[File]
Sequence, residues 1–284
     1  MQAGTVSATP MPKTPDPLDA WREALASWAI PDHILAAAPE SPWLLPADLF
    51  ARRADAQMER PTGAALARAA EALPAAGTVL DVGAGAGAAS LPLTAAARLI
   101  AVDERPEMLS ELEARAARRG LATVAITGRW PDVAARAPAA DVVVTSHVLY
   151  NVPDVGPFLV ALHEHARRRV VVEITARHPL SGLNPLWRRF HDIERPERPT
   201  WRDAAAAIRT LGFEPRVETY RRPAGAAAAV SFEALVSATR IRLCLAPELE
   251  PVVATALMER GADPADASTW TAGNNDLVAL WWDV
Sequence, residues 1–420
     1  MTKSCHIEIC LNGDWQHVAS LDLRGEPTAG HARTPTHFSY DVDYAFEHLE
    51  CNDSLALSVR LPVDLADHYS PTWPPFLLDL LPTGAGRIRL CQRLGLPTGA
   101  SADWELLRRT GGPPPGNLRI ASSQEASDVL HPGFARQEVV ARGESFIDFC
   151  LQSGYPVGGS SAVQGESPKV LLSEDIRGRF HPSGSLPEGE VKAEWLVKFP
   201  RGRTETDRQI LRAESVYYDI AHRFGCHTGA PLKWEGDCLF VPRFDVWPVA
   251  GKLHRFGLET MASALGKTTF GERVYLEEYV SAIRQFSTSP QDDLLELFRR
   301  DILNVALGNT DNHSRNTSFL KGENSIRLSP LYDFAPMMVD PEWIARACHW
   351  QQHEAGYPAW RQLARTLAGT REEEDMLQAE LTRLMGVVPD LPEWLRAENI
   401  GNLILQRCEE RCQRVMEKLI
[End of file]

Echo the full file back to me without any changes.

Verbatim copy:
Sequence, residues 1–284
     1  MQAGTVSATP MPKTPDPLDA WREALASWAI PDHILAAAPE SPWLLPADLF
    51  ARRADAQMER PTGAALARAA EALPAAGTVL DVGAGAGAAS LPLTAAARLI
   101  AVDERPEMLS ELEARAARRG LATVAITGRW PDVAARAPAA DVVVTSHVLY
   151  NVPDVGPFLV ALHEHARRRV VVEITARHPL SGLNPLWRRF HDIERPERPT
   201  WRDAAAAIRT LGFEPRVETY RRPAGAAAAV SFEALVSATR IRLCLAPELE
   251  PVVATALMER GADPADASTW TAGNNDLVAL WWDV
Sequence, residues 1–420
     1  MTKSCHIEIC LNGDWQHVAS LDLRGEPTAG HARTPTHFSY DVDYAFEHLE
    51  CNDSLALSVR LPVDLADHYS PTWPPFLLDL LPTGAGRIRL CQRLGLPTGA
   101  SADWELLRRT GGPPPGNLRI ASSQEASDVL HPGFARQEVV ARGESFIDFC
   151  LQSGYPVGGS SAVQGESPKV LLSEDIRGRF HPSGSLPEGE VKAEWLVKFP
   201  RGRTETDRQI LRAESVYYDI AHRFGCHTGA PLKWEGDCLF VPRFDVWPVA
   251  GKLHRFGLET MASALGKTTF GERVYLEEYV SAIRQFSTSP QDDLLELFRR
   301  DILNVALGNT DNHSRNTSFL KGENSIRLSP LYDFAPMMVD PEWIARACHW
   351  QQHEAGYPAW RQLARTLAGT REEEDMLQAE LTRLMGVVPD LPEWLRAENI
   401  GNLILQRCEE RCQRVMEKLI